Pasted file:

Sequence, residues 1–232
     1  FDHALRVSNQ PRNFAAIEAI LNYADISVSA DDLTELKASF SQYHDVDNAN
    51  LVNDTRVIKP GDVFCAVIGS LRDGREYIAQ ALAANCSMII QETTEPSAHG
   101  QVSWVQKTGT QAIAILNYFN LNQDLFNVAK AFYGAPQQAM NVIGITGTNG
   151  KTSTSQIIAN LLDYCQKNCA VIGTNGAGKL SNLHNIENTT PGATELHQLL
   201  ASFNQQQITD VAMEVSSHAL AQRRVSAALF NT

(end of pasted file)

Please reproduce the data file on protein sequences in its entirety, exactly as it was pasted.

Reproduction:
Sequence, residues 1–232
     1  FDHALRVSNQ PRNFAAIEAI LNYADISVSA DDLTELKASF SQYHDVDNAN
    51  LVNDTRVIKP GDVFCAVIGS LRDGREYIAQ ALAANCSMII QETTEPSAHG
   101  QVSWVQKTGT QAIAILNYFN LNQDLFNVAK AFYGAPQQAM NVIGITGTNG
   151  KTSTSQIIAN LLDYCQKNCA VIGTNGAGKL SNLHNIENTT PGATELHQLL
   201  ASFNQQQITD VAMEVSSHAL AQRRVSAALF NT